The Prime Minister's speech at the ACP-EU Joint Parliamentary Assembly in Horsens, 28 May 2012
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Honourable Co-Presidents, Distinguished Members of the European Parliament and National Parliaments, Ministers and Commissioners, Ladies and Gentlemen,
As the current holder of the Presidency of the Council of the EU, it is our great pleasure and honor to welcome the African, Caribbean, Pacific - European Union Joint Parliamentary Assembly to Denmark.
I would like to thank the hosts and the city of Horsens for arranging this Assembly. I am very saddened that the late Mayor of Horsens, Jan Trøjborg, cannot be with us today as planned. His much too early passing away is a great loss for Horsens. The fact that this Assembly – the biggest meeting during our Presidency – is held in Horsens is a testimony to his great enthusiasm and visions for this city.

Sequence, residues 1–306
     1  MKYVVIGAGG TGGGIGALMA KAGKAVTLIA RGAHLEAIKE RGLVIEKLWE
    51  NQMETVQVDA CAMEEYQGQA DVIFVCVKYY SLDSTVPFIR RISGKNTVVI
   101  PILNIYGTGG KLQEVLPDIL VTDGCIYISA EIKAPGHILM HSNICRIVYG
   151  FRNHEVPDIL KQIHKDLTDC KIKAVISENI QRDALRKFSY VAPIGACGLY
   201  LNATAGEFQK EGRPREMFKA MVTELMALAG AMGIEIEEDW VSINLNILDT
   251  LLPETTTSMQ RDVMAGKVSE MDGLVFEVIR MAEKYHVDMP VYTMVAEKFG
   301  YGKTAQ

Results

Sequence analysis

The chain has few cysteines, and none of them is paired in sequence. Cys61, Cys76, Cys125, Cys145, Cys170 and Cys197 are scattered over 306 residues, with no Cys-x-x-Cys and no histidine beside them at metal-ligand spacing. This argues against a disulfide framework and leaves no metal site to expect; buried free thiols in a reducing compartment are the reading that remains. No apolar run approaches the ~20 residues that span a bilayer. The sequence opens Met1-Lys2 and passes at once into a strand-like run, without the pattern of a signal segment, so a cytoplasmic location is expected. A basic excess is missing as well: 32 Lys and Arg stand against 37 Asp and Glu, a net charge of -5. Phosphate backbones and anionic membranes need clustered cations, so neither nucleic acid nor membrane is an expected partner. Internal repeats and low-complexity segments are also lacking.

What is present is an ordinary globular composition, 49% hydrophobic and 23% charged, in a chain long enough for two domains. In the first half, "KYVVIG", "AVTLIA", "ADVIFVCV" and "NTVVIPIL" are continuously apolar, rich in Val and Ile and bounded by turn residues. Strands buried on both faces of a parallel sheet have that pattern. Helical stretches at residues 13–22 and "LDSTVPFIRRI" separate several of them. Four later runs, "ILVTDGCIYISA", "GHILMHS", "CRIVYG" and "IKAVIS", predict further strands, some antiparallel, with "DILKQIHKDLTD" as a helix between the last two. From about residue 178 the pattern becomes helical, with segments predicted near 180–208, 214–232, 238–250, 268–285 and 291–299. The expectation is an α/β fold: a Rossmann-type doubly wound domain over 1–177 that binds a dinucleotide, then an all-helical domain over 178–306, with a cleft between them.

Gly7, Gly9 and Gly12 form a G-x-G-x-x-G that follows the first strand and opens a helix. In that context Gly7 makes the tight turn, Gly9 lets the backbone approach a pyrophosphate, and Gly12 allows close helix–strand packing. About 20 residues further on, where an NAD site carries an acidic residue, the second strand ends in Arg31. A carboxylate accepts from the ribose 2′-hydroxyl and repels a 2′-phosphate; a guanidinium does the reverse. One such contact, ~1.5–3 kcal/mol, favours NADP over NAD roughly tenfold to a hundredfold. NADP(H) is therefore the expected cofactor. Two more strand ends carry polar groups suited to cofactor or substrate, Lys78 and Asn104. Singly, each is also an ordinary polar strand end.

It is a great pleasure to be here today with so many fellow parliamentarians. As a Member of the Danish Parliament as well as a former Member of the European Parliament, I know from first-hand experience the essential role that you play in shaping policy. Not least in areas such as foreign policy, trade, and development.
Our countries span much of the globe. And this Assembly is a clear reflection of the increasing inter-linkages between the regions of Africa, the Caribbean, the Pacific and Europe.
What we all feel these days is that the world is getting smaller. We are increasingly faced with global challenges which require global solutions. No nation or region can solve these challenges alone.
And this is why the ACP-EU relationship is so important. The Cotonou Agreement forms a unique partnership between the ACP countries and the EU. The Joint Parliamentary Assembly provides us with both an opportunity and an obligation to make progress on the complex issues facing us today.